Some occupational sectors, such as human health and care, food service, cultural and sport activities, have been associated with a higher risk of SARS-CoV-2 infection than other sectors. To curb the spread of SARS-CoV-2, it is preferable to apply targeted non-pharmaceutical interventions on selected economic sectors, rather than a full lockdown. However, the effect of these general and sector-specific interventions on the virus circulation has only been sparsely studied. We assess the COVID-19 incidence under different levels of non-pharmaceutical interventions per economic activity during the autumn 2020 wave in Belgium. The 14-day incidence of confirmed COVID-19 cases per the Statistical Classification of Economic Activities in the European Community (NACE–BEL) sector is modelled by a longitudinal Gaussian-Gaussian two-stage approach. This is based on exhaustive data on all employees in all sectors. In the presence of sanitary protocols and minimal non-pharmaceutical interventions, many sectors with close contact with others show considerably higher COVID-19 14-day incidences than other sectors. The effect of stricter non-pharmaceutical interventions in the general population and non-essential sectors is seen in the timing of the peak incidence and the width and height of the post-peak incidence. In most sectors incidences returned to higher levels after the peak than before and this decrease took longer for the health and care sector. Sanitary protocols for close proximity occupations may be sufficient during periods of low-level virus circulation, but progressively less with increasing circulation. Stricter general and sector-specific non-pharmaceutical interventions adequately decrease COVID-19 incidences, even in close proximity in essential sectors under solely sanitary protocols.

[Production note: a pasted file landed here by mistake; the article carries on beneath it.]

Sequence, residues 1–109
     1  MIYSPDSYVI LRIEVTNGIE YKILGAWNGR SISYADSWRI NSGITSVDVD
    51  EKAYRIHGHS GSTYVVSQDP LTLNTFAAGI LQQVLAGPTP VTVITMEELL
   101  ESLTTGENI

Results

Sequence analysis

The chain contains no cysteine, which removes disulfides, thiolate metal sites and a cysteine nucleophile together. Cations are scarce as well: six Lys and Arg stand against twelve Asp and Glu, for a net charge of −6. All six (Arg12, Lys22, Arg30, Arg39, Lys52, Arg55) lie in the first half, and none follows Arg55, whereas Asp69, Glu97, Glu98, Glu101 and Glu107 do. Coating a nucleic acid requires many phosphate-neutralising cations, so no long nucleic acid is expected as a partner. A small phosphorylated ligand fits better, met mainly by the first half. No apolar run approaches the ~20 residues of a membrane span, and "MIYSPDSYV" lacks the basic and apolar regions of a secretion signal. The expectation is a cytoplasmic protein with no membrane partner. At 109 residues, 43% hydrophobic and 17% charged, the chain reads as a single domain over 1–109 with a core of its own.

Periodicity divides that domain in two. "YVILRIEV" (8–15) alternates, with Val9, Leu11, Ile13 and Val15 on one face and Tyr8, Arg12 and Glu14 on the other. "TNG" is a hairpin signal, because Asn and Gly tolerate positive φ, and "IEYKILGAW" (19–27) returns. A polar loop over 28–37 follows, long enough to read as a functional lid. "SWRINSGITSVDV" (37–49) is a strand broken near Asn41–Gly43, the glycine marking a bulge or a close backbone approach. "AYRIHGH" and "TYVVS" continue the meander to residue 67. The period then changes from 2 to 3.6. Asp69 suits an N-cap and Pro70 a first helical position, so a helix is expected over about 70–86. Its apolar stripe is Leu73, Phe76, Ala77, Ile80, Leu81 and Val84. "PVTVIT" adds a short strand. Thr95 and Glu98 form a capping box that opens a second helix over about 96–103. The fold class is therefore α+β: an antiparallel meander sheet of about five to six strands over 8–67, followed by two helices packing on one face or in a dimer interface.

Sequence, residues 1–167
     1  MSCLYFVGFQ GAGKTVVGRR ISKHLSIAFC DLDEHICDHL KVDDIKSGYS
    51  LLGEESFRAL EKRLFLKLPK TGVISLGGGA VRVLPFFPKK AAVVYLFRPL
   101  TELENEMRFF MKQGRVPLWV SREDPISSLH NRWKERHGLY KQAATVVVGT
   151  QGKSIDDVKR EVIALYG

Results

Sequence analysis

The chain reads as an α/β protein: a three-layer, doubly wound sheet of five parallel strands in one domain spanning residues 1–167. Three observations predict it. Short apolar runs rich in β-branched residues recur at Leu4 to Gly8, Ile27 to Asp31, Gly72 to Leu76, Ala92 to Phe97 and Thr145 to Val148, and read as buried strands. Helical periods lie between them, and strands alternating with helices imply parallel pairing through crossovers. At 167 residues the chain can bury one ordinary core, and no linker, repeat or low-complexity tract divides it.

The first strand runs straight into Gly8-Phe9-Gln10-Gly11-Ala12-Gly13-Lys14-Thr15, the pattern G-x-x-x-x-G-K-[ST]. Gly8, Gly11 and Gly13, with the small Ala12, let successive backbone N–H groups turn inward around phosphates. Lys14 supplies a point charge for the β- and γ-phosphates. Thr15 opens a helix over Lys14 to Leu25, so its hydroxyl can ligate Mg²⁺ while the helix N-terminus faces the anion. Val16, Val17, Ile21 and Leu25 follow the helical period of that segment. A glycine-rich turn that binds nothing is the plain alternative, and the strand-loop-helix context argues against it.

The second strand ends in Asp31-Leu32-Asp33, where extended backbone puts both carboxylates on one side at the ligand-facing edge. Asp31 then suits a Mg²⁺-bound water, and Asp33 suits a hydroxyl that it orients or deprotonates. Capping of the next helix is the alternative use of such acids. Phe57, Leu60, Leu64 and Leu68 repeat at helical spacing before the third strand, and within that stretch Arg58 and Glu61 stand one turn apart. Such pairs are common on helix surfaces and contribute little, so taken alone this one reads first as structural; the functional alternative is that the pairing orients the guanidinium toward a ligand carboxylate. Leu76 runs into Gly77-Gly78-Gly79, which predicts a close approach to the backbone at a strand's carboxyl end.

|Journal||International journal of environmental research and public health|
|Publication status||Published - 1 Dec 2021|
- Cross-sectional study
- Gaussian-Gaussian model
- Longitudinal study
- Non-pharmaceutical interventions
- Occupational health